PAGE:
The other night, Deborah, my marketing director, went to dinner at a fine steak restaurant. Declining the waiter's suggestion that she order dessert, she joked that he should eat it instead so it wouldn't go to waste. "Can you believe it," he said, "whatever doesn't get used each night gets thrown away!"
Indeed, every day, restaurants, bakeries, grocers, food producers, and many other businesses trash perfectly good food, while millions of Americans go hungry. It's not decent, and it's not necessary.
There's something that all of us in small business can do about hunger -- regardless of what type of business we own.
The U.S. government estimates that about 96 billion pounds of food gets thrown away every year! Some of that is "plate waste," but a good portion is edible, wholesome food. Meanwhile, over 33 million Americans -- over 6 million children -- were "food insecure" in 2001; since then, two million more Americans have lost their jobs, so that number is likely to be considerably higher now.
"If you're a hotel catering manager, you probably prepare extra food," explained Susan Hofer, spokesperson for America's Second Harvest, the nation's largest hunger relief organization, headquartered in Chicago (Second Harvest). "If those pans of food have never been served from, they can be picked up from a food rescue organization."
"Food rescue" is a growing trend. Food gets picked up, often by volunteers, from a business that has extra food. The food is then either delivered fresh to food banks or organizations, or packaged or frozen for later use, often as individual meals.
"More than 40% of the people we serve work for a living," said Hofer. "These are families who work in relatively low wage jobs: the clerks at 7-11, nurses' aides, janitors, the maids at the hotel that serve these fabulous feasts. Many are transitioning from welfare to work. For a family juggling schedules before the night job begins, having a prepared meal can be a great thing."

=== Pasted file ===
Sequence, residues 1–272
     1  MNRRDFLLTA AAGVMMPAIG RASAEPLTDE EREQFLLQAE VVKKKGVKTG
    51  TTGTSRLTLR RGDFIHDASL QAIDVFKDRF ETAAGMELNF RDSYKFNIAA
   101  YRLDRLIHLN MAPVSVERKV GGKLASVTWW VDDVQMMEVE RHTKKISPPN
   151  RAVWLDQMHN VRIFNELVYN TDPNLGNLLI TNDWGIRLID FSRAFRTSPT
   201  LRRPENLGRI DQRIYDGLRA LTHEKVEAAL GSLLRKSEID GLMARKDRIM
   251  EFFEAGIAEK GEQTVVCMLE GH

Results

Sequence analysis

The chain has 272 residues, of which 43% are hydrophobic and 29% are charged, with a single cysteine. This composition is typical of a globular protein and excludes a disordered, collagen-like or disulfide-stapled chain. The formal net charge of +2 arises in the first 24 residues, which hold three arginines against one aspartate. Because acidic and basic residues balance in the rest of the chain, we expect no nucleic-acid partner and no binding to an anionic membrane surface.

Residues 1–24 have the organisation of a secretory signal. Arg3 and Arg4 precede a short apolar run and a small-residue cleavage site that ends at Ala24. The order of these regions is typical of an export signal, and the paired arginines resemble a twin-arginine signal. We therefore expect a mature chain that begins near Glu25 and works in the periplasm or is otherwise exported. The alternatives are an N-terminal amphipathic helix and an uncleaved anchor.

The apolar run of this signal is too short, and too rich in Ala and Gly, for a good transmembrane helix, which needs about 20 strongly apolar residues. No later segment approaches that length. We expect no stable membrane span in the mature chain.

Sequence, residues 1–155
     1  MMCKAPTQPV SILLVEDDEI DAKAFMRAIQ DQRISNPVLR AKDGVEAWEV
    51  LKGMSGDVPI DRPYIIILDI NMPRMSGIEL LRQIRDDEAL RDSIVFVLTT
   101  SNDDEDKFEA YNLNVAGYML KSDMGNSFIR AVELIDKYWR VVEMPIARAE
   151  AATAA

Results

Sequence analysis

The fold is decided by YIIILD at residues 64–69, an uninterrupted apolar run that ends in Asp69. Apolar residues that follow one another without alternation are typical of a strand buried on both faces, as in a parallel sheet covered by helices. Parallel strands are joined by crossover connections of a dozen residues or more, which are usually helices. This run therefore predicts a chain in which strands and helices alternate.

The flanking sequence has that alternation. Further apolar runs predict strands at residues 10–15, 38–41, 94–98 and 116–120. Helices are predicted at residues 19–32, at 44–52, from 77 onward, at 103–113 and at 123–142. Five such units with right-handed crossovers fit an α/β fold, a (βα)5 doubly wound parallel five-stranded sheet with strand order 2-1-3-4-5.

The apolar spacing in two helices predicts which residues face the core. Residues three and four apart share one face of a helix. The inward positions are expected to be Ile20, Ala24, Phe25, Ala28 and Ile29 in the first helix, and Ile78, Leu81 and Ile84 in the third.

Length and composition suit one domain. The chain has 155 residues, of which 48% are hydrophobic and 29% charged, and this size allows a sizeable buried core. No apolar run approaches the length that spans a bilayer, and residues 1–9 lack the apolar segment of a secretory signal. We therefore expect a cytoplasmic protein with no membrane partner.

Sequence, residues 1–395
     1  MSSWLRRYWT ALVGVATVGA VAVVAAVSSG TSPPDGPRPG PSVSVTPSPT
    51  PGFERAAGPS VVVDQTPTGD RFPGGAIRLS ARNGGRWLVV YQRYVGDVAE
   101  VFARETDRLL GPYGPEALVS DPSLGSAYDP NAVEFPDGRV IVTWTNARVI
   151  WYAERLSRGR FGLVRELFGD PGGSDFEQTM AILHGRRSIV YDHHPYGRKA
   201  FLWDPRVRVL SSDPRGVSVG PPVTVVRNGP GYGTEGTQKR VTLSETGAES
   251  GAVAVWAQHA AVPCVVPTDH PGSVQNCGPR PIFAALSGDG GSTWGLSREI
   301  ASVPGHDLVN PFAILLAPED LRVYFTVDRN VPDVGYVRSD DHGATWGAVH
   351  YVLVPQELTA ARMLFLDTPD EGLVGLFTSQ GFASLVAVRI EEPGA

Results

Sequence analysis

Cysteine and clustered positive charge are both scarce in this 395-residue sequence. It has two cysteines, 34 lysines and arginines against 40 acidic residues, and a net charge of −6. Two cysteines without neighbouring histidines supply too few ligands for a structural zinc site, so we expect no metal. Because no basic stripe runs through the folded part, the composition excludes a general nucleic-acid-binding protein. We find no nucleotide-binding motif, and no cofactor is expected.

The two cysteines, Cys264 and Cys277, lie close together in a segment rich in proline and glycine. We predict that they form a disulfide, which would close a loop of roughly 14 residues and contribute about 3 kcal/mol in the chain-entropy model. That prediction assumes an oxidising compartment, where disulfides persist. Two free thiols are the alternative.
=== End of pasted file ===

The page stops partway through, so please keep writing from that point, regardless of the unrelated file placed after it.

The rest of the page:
As someone who thought donated food ended up only in soup kitchens, I was surprised to learn of the wide variety of those depending on food donations. Many agencies directly serve children, such as before- and after-school programs, or abused spouse and children shelters.
Helping alleviate hunger can be good for your bottom line. "It costs money to throw away food," said Hofer. "And there's the frustration of throwing away perfectly good, healthy food just because it doesn't look pretty."
You may also qualify for a tax deduction, especially if the "Good Samaritan Hunger Relief Tax Incentive Act" is enacted. That proposed legislation would extend tax deductions to small and family businesses for donating food.
What can businesses do?
- arrange for extra food to be picked up
- prepare extra food
- offer storage space
- donate your time and expertise
- donate your products (extra office supplies and clothes are particularly needed for back-to-school kits for kids)
- donate your older, but still good, trucks or vans when you upgrade
- volunteer with your staff for a half-day at the food bank (good team-building activity!)
- give money (the cost of lunch, for a day or week?)
You can also work with colleagues and others to spread the word. An example: one national trade association requires all its meetings and conferences to be held in facilities that participate in food rescue.
What about liability if someone gets sick from food you donate? "The federal Good Samaritan Act protects companies that make good faith contributions," Hofer assured me. "That doesn't mean they can give us rotten food, but if they've stored it properly, they're protected."
There are more than 200 local hunger relief organizations nationwide. Check the National Hunger Awareness Day website at Hunger to find groups in your community.
"Hunger isn't going to be solved by any one group," said Hofer. "Government can't do it alone; corporations can't do it alone; organizations can't do it alone; volunteers can't do it alone. But together, we can form a network that insures that people who are hungry have enough to eat."
Copyright Rhonda Abrams, 2003